For those who were unable to attend, we compiled the key takeaways of the webinar featuring Dr. Kristy Jansen, of Tilburg University and De Nederlandsche Bank.
Defined benefit pension plans are very important, from a global perspective. This is because around 50% of retirement savings are in DB plans, explains Kristy Jansen. “And the returns that the funds generate can have a huge impact on a retirement income. A 100 bps lower return over an accrual period will result in a reduction in retirement income by about 25% meaning you have to increase contributions by 1/3 to maintain income.”
The exit barriers for beneficiaries to leave pension funds are high with defined benefit plans – you can typically only change funds by changing jobs. There is also no freedom of choice about the investment decisions being made on behalf of the beneficiary.
“Interestingly, we know very little about how pension funds make their investment decisions,” says Jansen. “This is due to a lack of detailed data about the funds. We are trying to discover what determines the investment strategy of pension funds.”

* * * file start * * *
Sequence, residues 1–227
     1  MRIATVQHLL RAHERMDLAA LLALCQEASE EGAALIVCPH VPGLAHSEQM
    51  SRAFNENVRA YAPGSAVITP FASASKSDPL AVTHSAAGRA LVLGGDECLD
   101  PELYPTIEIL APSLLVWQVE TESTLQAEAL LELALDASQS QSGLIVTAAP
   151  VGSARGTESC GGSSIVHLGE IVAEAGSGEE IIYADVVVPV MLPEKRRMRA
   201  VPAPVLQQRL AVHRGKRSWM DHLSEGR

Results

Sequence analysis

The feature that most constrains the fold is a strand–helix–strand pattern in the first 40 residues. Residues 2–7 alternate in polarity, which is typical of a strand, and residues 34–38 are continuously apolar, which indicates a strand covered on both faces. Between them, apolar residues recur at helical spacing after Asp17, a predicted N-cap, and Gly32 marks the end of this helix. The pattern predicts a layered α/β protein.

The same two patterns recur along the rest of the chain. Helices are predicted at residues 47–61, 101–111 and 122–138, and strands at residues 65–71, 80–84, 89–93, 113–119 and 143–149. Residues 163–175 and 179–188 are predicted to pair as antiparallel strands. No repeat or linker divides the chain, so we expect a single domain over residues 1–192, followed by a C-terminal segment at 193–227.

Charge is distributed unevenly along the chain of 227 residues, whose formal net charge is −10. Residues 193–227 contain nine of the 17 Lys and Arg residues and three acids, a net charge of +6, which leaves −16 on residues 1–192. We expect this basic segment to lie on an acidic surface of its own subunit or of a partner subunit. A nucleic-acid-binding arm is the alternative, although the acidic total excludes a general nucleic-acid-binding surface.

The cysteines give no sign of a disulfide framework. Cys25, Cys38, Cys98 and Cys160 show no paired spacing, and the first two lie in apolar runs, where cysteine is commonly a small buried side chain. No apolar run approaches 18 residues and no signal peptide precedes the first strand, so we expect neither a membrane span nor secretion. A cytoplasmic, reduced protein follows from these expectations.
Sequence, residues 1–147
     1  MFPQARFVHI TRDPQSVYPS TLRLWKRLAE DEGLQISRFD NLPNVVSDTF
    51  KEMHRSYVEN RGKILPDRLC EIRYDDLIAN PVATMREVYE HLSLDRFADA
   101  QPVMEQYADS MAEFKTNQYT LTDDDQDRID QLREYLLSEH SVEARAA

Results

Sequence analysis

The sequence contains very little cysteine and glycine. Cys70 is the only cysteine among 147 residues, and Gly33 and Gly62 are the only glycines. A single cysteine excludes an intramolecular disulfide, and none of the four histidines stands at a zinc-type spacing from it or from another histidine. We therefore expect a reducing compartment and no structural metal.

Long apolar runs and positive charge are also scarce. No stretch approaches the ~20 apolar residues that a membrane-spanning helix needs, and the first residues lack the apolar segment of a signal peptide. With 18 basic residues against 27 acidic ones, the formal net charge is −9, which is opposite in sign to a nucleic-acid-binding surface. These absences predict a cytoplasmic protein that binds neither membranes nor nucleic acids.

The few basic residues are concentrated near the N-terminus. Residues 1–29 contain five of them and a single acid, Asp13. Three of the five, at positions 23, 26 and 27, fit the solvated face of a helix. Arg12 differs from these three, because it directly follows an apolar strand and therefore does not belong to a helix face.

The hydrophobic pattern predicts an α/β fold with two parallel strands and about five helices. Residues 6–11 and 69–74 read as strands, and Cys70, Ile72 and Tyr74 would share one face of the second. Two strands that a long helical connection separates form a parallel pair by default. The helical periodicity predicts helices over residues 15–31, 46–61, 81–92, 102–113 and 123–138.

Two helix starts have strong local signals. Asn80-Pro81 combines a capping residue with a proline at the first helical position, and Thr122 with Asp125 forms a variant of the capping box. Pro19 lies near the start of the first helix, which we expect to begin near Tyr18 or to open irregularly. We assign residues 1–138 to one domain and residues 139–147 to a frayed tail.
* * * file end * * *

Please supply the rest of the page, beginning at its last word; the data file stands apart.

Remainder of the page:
Jansen and co-author Dirk Broeders set out to discover what drives homogeneity across pension funds. “Within one regulatory jurisdiction, how can we explain how pension funds do things differently? We measure this by looking at the funds’ factor exposures within equity and fixed income portfolios. We explain the homogeneity in context by looking at two main drivers derived from a model of mean variance preferences of asset liabilities. We show that according to the model, characteristics such as the funding ratio, risk aversion and liability duration affect investment strategies and explain why strategies differ. From that model we also derived the remainder of the differences in the investment strategies – also called differences in investment beliefs. We also examine the role of an asset management firm.”
“There is large heterogeneity in investments across pension funds,” says Jansen. “Pension fund characteristics – funding ratio, risk aversion, and liability – explain only about 36% of this heterogeneity. The remaining heterogeneity reflects a difference in average annual returns of about 0.70-1.50 percentage points, which is equivalent to an average retirement income of 16-32%. This is attributed to a difference in investment beliefs, and is partially revealed by the choice of the asset management firm.”
In terms of policy implications, Jansen recommends disclosing and explaining investment beliefs in a clearer and transparent way to beneficiaries and other stakeholders.
View the webinar via: https://vimeo.com/513507063